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  • Publication Date: 12-1999
  • Content Type: Policy Brief
  • Institution: The Organisation for Economic Co-operation and Development
  • Abstract: Globalisation has become a key force of change in all OECD countries. It is making our economies more open, bringing new opportunities, new markets and new wealth. But it also demands more rapid adjustment to change. The accomplishment of strategic restructuring is often required, so that workers are not displaced or excluded from the labour market and so that no localities are left to lag behind or decline. In the new economic environment, policy-makers must help build dynamic and flexible regions and cities. They must assist the transition from individual closed local economic systems to a new, open global system. To do this, it is important to “think globally and act locally”.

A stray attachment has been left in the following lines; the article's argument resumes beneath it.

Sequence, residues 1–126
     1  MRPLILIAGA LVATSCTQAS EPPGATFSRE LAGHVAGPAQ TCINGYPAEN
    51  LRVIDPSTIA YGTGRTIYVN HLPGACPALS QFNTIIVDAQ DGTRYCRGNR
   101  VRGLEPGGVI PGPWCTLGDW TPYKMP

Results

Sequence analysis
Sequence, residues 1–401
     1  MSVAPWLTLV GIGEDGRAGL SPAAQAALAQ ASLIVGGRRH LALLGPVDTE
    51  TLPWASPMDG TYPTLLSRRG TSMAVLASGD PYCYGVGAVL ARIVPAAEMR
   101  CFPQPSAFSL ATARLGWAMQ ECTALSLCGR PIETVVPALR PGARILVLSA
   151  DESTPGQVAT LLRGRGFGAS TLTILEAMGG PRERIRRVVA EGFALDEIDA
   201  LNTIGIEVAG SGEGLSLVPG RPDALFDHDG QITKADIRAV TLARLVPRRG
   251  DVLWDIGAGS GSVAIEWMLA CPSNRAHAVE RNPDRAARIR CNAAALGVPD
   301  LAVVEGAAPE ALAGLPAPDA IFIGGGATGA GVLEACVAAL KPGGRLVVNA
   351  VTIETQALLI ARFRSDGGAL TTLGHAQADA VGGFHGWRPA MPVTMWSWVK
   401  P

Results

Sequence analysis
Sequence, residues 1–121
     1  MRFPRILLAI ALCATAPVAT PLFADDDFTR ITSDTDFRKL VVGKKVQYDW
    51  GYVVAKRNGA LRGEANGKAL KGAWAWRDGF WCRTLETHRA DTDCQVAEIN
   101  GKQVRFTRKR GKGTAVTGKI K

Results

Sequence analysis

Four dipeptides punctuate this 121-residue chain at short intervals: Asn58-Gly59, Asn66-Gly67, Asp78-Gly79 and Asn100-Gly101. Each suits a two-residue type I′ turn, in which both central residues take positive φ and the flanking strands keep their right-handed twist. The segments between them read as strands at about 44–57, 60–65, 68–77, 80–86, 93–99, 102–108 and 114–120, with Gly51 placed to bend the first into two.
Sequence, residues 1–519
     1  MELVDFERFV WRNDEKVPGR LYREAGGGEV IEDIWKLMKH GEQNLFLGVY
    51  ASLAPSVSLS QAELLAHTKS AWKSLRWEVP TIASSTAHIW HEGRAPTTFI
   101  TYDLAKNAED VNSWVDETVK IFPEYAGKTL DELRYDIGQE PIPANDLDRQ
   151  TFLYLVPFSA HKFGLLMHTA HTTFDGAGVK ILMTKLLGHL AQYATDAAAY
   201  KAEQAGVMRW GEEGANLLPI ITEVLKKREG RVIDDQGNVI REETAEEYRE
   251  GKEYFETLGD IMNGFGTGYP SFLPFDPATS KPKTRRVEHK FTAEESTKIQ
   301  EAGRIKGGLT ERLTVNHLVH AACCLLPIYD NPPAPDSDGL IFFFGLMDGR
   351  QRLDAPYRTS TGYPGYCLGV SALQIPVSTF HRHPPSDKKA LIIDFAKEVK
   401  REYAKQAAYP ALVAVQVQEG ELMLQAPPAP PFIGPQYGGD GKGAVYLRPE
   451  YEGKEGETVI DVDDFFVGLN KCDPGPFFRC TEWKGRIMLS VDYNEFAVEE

• Topic: Development, Economics, Globalization, Government
  • Publication Date: 12-1999
  • Content Type: Policy Brief
  • Institution: The Organisation for Economic Co-operation and Development